What do you hope moviegoers to take away from the film?

JD: I hope moviegoers take away the sentiment that unconditional love and romance still exist. And that romantic stories from the past can still inspire our futures. The character of Paul has a love interest in the film, Laura (played by Bethany Caitlan Nicole), and I think the story of Valentino and the Lady in Black help ignite this budding relationship.

Where do you start when preparing for a role; and does that change depending on the genre?

JD: I usually start by asking myself how similar I am to this character in real life, and where I might need to grow. For this character, as I mentioned, I had experience directing music videos in the past, so that helped. But Paul is also a person who has been studying Old Hollywood, and so I had to watch a lot of YouTube videos about Rudolph Valentino and the silent film era. We also shot this film at Hollywood Forever Cemetery, where many many past stars are buried. I would like to think that some of their spirits inspired our performances. Sometimes during breaks, I would even lay on the grass at the cemetery and just soak in the energy. Vlad would have to come find me when it was time to start shooting again.

Did you know anything about Rudolph Valentino before working on the film?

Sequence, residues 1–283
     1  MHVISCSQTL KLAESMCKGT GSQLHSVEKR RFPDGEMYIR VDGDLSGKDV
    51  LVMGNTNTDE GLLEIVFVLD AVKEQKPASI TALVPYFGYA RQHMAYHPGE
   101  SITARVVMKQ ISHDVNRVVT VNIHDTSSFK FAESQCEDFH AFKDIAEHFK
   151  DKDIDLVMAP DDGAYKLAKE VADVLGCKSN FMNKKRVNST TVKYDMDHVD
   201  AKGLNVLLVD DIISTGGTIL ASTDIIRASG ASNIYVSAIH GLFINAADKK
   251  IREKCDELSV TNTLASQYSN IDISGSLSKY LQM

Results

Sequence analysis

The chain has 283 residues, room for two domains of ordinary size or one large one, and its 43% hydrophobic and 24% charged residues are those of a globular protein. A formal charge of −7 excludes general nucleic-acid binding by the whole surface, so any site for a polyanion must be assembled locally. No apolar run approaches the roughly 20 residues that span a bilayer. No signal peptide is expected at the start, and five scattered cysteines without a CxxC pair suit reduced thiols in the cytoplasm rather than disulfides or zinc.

JD: Yes, I had definitely heard of Rudolph Valentino, but I had never actually seen any of his work. So, part of my homework was watching some of his films, such as The Sheik, Blood and Sand, and The Eagle. I was very impressed with Valentino's acting ability, and I definitely think he could be a star in today's era. He told so much with just the glance of his eye, and his eyes spoke truth. I did not feel like he was over-acting, I felt like his acting was very grounded.

This is not your first time working with director Vladislav Kozlov; tell us about that relationship.

JD: I have known Vlad for several years now, and we have worked together on some successful projects. Vlad won Best Director for Killers at the Rhode Island International Film Festival, and I was nominated for Best Actor at Orlando for Immortalist, the feature length version of Killers, where I play a guy who wants to live forever. Our creative process works very fluidly together. We both rely heavily on imagination, memory, and emotion. We are both not afraid to think outside the box to get the shots we need for the story. When we were shooting a night scene on a beach in Malibu for one project, I once spontaneously decided to walk further and further into the ocean during a shouting match with God, and Vlad had the cameras follow me in. We are both crazy enough to get anything we need for the sake of the project.

We hear you’re creating your own projects now; what can you share with us?

JD: Yes, I recently started a production company with my friend Tim McCombe called Hidden Cove Pictures. I love period pieces and we made a short film set in the 1930s, written by Zach Cox and starring Megan Cochrane, called The Things We Can't Forgive. It has already won Best Narrative Short at Venice Shorts in Venice, CA and is up for the same award at the Montreal Independent Film Festival.

Finally, is there anything else you’d like us to know?

JD: Lots of exciting projects in the works. 2023 is just getting started. Stay tuned!

Follow Jeff DuJardin on Instagram: @jeffdujardin

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FierceScribe

I write about entertainment and the inspiring people who create it. Interviews with actors and filmmakers revealing their latest projects and what influences them creatively.